What are some of the most common chemical convulsants?
What is the mechanism of action for picrotoxin and pentylenetetrazol?
- Both picrotoxin and pentylenetetrazol are non-competitive inhibitors (may bind to target with or without ligand present) of Cl- channels associated with GABAa receptors.
- This causes disinhibition.
Both ____________ and ____________ are common ingredients found in rat poisons.
Strychnine and picrotoxin
Strychnine poisoning may result in _______________ and/or _______________.
- Risus sardonicus
_____________ is the severe hyperextension and spasticity in which an individual's head, neck, and spinal column enter into a complete "arching" or "bridging" position.
_________________ is the abnormal, sustained spasm of the facial muscles that appears to produce grinning.
What is the usual treatment for strychnine poisoning?
- Treat with diazepam (benzodiazepine)
- Reduce environmental stress
- Administer activated charcoal to deactivate chemical in digestive tract
What are the three common methylxanthines?
Methylxanthines are (man-made/plant products).
On average, there is approximately ___ mg of caffeine in a can of Coca Cola.
What are some of the cognitive effects seen in methylxanthine use?
- Increased capacity for intellectual effort
- Decreased reaction time
- Decreased fine motor coordination
- Decreased timing skills
- Decreased arithmetic skills
Methylxanthines (increase/decrease) the sensitivity of the body's medullary receptors to CO2.
- Increased sensitivity to CO2 causes increased stimulatory inputs to the respiratory center of the brain and increased respiration.
Methylxanthines cause a slight (increase/decrease) in heart rate.
Decrease, though this seems counterintuitive
Methylxanthines (dilate/constrict) peripheral vasculature to muscles, while they (dilate/constrict) cerebral vasculature.
Dilate peripheral vasculature
Constrict cerebral vasculature
Theophylline, a methylxanthine, (dilates/constricts) the bronchioles.
Methylxanthines (increase/decrease) the capacity for work in skeletal muscle.
Coffee, which contains caffeine, (inhibits/stimulates) peristalsis in the GI system.
What is the mechanism of action for methylxanthines?
Methylxanthines primarily function by acting as adenosine receptor antagonists. They also inhibit phosphodiesterases, increasing cyclic AMP and GMP. Lastly, at high concentrations they may cause release of intracellular Ca2+.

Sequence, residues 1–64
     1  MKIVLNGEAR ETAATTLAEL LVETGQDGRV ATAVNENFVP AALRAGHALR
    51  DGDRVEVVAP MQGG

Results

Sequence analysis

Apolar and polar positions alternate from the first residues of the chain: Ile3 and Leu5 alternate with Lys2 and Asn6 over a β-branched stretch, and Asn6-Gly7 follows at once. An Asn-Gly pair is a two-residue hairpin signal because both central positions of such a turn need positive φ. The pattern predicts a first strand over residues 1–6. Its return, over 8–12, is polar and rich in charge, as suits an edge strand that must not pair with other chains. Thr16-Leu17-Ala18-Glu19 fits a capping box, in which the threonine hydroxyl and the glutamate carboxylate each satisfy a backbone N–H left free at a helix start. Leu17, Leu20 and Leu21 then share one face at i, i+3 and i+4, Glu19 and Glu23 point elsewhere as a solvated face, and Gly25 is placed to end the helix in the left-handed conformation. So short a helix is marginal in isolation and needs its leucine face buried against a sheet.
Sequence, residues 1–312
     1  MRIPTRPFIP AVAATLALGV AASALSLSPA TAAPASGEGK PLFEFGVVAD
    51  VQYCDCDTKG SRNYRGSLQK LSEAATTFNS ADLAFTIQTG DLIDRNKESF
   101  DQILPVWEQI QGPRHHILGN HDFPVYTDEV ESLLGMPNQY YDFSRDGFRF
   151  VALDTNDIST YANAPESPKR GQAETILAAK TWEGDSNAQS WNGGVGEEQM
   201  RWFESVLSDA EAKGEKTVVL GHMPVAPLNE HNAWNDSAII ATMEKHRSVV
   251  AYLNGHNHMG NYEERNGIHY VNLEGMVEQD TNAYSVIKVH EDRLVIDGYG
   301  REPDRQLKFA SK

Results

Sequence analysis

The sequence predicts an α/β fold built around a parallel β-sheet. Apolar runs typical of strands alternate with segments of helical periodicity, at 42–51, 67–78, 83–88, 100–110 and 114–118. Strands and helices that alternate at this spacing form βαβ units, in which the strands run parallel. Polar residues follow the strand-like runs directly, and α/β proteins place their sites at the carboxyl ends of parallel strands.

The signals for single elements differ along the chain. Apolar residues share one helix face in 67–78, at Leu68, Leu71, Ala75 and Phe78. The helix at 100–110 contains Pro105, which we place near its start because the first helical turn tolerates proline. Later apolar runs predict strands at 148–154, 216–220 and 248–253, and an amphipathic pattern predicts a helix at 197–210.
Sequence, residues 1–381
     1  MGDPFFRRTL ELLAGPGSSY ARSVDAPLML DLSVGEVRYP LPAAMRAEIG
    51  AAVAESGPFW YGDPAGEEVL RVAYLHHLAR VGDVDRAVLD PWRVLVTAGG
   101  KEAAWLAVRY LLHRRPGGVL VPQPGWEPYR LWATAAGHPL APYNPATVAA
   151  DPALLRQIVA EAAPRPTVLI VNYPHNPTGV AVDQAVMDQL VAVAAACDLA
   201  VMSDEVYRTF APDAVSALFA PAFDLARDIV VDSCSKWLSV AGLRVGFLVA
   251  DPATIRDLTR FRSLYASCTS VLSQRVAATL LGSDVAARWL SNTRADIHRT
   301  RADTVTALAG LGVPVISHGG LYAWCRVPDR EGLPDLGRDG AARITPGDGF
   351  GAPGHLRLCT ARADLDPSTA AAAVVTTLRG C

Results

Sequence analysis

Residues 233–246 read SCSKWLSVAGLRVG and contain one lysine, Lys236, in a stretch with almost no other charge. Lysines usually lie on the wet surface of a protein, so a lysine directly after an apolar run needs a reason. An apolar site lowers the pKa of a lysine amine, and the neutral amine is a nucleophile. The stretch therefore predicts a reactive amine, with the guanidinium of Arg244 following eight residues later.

(T/F) Most effects of adenosine are the opposite of methylxanthines.
Adenosine (dilates/constricts) peripheral vasculature to muscles, while it (dilates/constricts) cerebral vasculature.
Constricts peripheral vasculature
Dilates cerebral vasculature
Methylxanthines usually experience a peak plasma concentration within ___-___ hours after ingestion.
(T/F) Genetic variability in the enzyme N-acetyltransferase may cause changes in methylxanthine half life.
Half life of methylxanthines may be increased by:
- Liver disease
- Oral contraceptives
Half life of methylxanthines may be decreased by:
- Combination with phenytoin or barbiturates
Caffeine half life in adults is typically ___-___ hours
Caffeine half life in pre-term infants is around ___ hours.
Toxic amounts of caffeine may cause (olfactory/gustatory/both) hallucinations.
Both olfactory and gustatory hallucinations
(Consumption of/Failure to consume) caffeine in non-tolerant individuals may cause headaches.
(Consumption of/Failure to consume) caffeine in tolerant individuals may cause headaches.
Failure to consume
What is the mechanism of action for nicotine?
Nicotine acts as an acetylcholine receptor agonist at Nicotinic Acetylcholine receptors.
What is the mechanism of action for bupropion, a non-nicotine option for tobacco dependence?
Bupropion serves as a catecholamine reuptake inhibitor.
(T/F) Bupropion will only cause hypertension in those with pre-existing hypertensive conditions.
False. Bupropion may cause hypertension in anyone, even those without pre-existing hypertensive conditions.